The protagonist is Bob Arctor, member of a household of drug-users, who is also living a parallel life as Agent Fred, an undercover police agent assigned to spy on Arctor's household. Arctor/Fred shields his true identity from those in the drug subculture, and from the police themselves. (The... read more (warning: may contain spoilers)
The protagonist is Bob Arctor, member of a household of drug-users, who is also living a parallel life as Agent Fred, an undercover police agent assigned to spy on Arctor's household. Arctor/Fred shields his true identity from those in the drug subculture, and from the police themselves. (The requirement that narcotics agents remain anonymous, to avoid collusion and other forms of corruption, becomes a critical plot point late in the book.) While supposedly only posing as a drug user, Arctor becomes addicted to "Substance D" (also referred to as "Slow Death," "Death," or "D"), a powerful psychoactive drug. An ongoing conflict is Arctor's love for Donna, a drug dealer through whom he intends to identify high-level dealers of Substance D. Arctor's persistent use of the drug causes the two hemispheres of his brain to function independently, or "compete." Through a series of drug and psychological tests, Arctor's superiors at work discover that his addiction has made him incapable of performing his job as a narcotics agent. Donna takes Arctor to "New-Path," a rehabilitation clinic, just as Arctor begins to experience the symptoms of Substance D withdrawal. It is revealed that Donna has been a narcotics agent all along, working as part of a police operation to infiltrate New-Path and determine its funding source. Without his knowledge, Arctor has been selected to penetrate the secretive organization.
As part of the rehab program, Arctor is renamed "Bruce" and forced to participate in cruel group-dynamic games intended to break the will of the patients. The story ends with Bruce working at a New-Path farming commune, where he is suffering from a serious neurocognitive deficit after withdrawing from Substance D. Although considered by his handlers to be nothing more than a walking shell of a man, "Bruce" manages to spot rows of blue flowers growing hidden among rows of corn, and realizes the blue flowers are Mors ontologica, the source of Substance D. The book ends with Bruce hiding a flower in his shoe to give to his "friends" – undercover police agents posing as recovering addicts at the Los Angeles New-Path facility – on Thanksgiving.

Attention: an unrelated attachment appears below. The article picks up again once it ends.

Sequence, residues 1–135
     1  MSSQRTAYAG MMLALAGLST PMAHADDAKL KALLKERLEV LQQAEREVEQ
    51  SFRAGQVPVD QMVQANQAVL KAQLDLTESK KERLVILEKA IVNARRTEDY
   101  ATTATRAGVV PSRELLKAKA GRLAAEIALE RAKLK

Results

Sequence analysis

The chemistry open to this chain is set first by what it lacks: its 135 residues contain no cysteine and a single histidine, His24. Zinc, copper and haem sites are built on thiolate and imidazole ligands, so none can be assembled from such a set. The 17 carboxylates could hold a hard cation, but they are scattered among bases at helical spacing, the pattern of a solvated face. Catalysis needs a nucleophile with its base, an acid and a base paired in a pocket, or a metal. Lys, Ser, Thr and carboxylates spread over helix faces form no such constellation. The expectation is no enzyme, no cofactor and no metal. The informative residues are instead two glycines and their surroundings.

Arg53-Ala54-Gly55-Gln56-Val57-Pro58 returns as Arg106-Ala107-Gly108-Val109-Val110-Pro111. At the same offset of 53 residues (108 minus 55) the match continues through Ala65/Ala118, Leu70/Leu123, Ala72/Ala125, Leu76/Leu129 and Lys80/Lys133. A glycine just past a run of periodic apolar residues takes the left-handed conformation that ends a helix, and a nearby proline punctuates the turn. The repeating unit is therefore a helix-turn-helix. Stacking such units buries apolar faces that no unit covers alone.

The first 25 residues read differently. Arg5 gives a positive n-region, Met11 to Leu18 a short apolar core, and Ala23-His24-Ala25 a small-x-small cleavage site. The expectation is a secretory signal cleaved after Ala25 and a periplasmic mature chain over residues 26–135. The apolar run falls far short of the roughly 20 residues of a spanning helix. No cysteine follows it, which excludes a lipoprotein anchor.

“If I had known it was harmless, I would have killed it myself.”
“It’s a downer to tell anything to a kid. I once had a kid ask me, “What was it like to see the first automobile?” Shit, man, I was born in 1962.”
“Activity does not necessarily mean life. Quasars are active. And a monk meditating is not inanimate.”
What is identity? he asked himself. Where does the act end? Nobody knows.Highlighted by 4 Kindle customers
I hope, for everyone's sake, the scanners do better. Because, he thought, if the scanner sees only darkly, the way I myself do, then we are cursed, cursed again and like we have been continually, and we'll wind up dead this way, knowing very little and getting that little fragment wrong too.Highlighted by 4 Kindle customers
IF I HAD KNOWN IT WAS HARMLESS I WOULD HAVE KILLED IT MYSELF.Highlighted by 3 Kindle customers
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